From Victim to Survivor

0 comments Posted on April 1, 2015

by Alisa Kaplan

One night, after I spoke at an annual sexual assault awareness event, a woman approached me as I was packing up my things.

“I’m a victim, too,” she said.

I looked up in alarm; her word choice had startled me deeply. In support training, we were careful to use the word survivor. The idea is that the word victim is passive—it robs the survivor of her agency and turns her into someone who was acted upon, whereas the word survivor highlights her resourcefulness and strength. It also acknowledges the strength required (often just to get through the day) in the aftermath of a trauma. Hearing the word victim when you’re used to survivor can be jarring.

As our conversation continued, I realized that her use of the word victim hadn’t been accidental. Victim was how she felt about herself. It was then that I realized, with a little surprise, that I no longer considered myself to be a victim.

For a long time, I had parroted the party line that you hear in rape crisis centers: We’re not victims; we’re survivors. But although I was calling myself a survivor, I felt like a victim. I still blamed myself for what had happened. I still blamed my attackers for ruining my life. I was calling myself a survivor, but I was thinking—and acting—like a victim. But hearing this woman identify herself as a victim made me realize that, somewhere along the way, I’d begun to believe that I was a survivor. I’d been faking it until I felt it—but then I had felt it.

Still Room for HopeI couldn’t help but wonder what had made the difference.

The answer I came up with was pretty simple: I’d made the transition from victim to survivor by finding meaning in what had happened to me.

My calling, I believe—what God wants from me—is to help others who have suffered. It is to share what I now know with other victims—that there is an “after”—so that they can become survivors, too.  We have to fight to learn what we are called to do, because doing that work is the best way to heal.

Part of the healing process is accepting your path: all of it, all of the things that happened to you, both the good and the bad. It will always be a temptation for me to see the rape as the incident that derailed my life. But the truth is that the trials God put in front of me have helped to build my character and my convictions. I have been tested—as so many of us will be. And I have survived, stronger for my tribulations.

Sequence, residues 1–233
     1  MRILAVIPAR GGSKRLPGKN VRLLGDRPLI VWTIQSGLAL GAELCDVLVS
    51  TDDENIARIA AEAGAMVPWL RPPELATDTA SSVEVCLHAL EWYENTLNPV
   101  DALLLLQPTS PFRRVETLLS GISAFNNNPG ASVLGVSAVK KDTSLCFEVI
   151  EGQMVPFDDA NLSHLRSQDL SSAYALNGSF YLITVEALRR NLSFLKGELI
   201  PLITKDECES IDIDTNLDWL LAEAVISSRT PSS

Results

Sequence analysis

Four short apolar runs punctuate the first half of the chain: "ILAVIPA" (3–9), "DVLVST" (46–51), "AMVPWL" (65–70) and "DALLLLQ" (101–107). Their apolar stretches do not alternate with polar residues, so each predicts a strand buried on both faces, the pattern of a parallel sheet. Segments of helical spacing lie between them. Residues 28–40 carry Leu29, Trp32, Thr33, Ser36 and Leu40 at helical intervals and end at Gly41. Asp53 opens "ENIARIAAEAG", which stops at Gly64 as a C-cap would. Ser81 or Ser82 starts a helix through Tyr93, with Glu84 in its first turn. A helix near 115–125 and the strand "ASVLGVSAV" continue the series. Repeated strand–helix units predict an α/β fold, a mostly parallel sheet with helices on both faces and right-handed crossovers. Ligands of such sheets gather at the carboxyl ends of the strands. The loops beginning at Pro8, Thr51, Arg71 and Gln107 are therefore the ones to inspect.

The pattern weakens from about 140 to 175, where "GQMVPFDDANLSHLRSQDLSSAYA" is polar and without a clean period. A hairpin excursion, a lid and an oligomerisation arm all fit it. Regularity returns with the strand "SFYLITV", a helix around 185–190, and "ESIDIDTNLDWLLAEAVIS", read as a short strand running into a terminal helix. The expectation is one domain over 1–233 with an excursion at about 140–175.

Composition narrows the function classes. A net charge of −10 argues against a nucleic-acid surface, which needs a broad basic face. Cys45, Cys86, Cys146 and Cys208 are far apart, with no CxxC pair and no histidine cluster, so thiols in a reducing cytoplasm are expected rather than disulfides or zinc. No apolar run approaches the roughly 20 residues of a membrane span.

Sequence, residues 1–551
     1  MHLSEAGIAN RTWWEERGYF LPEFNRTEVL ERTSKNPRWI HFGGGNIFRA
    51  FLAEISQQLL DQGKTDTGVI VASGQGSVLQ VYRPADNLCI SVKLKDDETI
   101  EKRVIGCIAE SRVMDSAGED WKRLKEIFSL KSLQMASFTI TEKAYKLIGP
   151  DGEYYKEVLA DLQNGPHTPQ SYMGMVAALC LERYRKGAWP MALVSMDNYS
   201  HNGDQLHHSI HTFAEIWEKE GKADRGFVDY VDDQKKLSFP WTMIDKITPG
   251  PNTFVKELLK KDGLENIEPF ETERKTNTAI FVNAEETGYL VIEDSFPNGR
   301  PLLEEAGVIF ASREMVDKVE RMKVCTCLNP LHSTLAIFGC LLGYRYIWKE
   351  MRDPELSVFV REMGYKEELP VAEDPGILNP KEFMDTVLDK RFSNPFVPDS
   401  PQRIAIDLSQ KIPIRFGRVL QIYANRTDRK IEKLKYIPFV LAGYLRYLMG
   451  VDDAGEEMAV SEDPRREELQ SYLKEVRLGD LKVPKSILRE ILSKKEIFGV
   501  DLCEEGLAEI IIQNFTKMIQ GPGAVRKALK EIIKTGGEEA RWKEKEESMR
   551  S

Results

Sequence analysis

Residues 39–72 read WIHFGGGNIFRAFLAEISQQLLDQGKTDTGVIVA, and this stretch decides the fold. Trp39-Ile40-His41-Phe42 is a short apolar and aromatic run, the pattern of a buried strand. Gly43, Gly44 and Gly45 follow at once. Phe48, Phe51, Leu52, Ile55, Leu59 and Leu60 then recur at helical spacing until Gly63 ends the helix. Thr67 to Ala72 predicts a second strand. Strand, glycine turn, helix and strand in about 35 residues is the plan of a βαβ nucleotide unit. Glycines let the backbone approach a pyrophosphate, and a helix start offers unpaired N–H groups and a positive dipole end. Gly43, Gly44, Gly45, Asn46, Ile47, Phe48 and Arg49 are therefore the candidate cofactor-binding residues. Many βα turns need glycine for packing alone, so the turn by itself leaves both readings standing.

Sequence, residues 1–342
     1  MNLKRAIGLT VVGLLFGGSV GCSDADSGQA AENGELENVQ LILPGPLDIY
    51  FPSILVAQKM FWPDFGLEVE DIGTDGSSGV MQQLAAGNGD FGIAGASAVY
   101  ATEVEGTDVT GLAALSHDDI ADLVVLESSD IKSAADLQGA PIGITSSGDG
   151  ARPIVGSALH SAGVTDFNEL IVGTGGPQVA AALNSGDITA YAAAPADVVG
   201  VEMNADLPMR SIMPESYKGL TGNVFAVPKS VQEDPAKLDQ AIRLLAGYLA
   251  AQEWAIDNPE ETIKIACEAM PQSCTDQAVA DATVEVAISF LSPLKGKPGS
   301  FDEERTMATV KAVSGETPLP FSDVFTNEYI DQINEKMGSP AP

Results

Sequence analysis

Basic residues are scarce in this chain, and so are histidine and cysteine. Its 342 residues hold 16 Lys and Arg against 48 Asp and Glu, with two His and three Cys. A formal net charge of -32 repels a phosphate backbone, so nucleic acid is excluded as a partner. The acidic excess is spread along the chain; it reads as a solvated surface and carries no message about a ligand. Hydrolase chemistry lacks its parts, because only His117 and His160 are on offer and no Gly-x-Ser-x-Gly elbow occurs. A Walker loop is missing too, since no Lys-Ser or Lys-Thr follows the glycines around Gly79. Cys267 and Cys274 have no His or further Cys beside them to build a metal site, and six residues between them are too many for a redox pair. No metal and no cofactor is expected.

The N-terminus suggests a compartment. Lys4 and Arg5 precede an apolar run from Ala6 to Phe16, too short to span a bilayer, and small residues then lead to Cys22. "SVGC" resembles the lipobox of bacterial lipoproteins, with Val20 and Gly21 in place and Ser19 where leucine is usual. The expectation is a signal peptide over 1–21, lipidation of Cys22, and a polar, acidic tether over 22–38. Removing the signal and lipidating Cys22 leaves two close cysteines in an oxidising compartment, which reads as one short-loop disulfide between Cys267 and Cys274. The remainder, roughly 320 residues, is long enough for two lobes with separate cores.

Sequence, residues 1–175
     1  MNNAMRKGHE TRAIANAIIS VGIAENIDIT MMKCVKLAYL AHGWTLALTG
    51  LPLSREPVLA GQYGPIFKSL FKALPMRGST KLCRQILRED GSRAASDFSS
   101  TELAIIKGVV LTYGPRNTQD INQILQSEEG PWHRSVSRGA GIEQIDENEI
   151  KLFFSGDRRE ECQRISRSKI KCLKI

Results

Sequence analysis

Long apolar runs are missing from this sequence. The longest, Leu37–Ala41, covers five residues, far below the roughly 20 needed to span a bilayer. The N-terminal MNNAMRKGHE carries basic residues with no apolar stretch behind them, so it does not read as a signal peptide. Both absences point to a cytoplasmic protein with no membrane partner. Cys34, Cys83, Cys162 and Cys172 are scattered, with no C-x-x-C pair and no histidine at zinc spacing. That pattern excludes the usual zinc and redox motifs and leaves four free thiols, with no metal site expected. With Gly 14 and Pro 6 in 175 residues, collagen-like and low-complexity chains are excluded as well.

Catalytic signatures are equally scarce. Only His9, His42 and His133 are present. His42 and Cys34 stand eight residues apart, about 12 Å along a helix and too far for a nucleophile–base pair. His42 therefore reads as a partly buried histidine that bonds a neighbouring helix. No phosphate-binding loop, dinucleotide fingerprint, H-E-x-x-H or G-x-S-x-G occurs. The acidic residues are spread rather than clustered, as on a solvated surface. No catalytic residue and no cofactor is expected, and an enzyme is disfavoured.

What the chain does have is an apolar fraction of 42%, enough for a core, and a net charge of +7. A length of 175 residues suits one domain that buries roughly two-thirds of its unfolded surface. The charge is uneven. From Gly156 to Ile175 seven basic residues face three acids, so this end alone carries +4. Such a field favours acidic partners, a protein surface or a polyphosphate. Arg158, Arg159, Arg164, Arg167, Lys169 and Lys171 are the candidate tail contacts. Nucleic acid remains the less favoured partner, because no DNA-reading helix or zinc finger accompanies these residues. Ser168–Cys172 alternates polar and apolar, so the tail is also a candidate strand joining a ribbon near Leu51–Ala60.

If you’d shown me what the future held for me when I was sitting, humiliated, in a courtroom or smoking meth in a filthy squat, I would have told you that you were crazy. That’s why I think it’s so important to tell other survivors that there’s an “after,” and why I think it’s even more powerful for them to hear it from me, someone else who didn’t think there would be one.

In the very depths of my despair, I would never have been able to predict any of the wonders that the last four years have brought. Never! Who would have thought that I would get into college, let alone excel there? Who would have believed that my relationship with my parents would be closer now than it has ever been? That I would be on my way to forgiving my attackers, to letting go and being free of the anger and hate in my heart? That I would let my walls down and be open to relationships again, both new and old?

I certainly can’t take the credit for any of these miracles. Indeed, the biggest surprise to the me of four years ago would have been that I live my life following God’s will for me and not my own. I couldn’t have predicted the close and beautiful relationship with God that I now enjoy, or the fact that I spend every day dedicated to living in Jesus’s name and image. My faith has brought me a sense of peace, contentment and security that I couldn’t have imagined before.

Today, I am happy. I have God in my life—and he saved me. He has led me to find joy, redemption, forgiveness, and freedom from the bonds of guilt and shame. I began to thrive when I found God and allowed him to fill my life. I began living by his will, and he showed me that I needed to practice forgiveness if I ever wanted to move forward and transform a series of horrific circumstances into a beautiful opportunity for grace. God now fills the loneliness and emptiness I carried for so long, and I don’t want or need anything else. Only God can fill in the missing pieces, and he has done exactly that for me.

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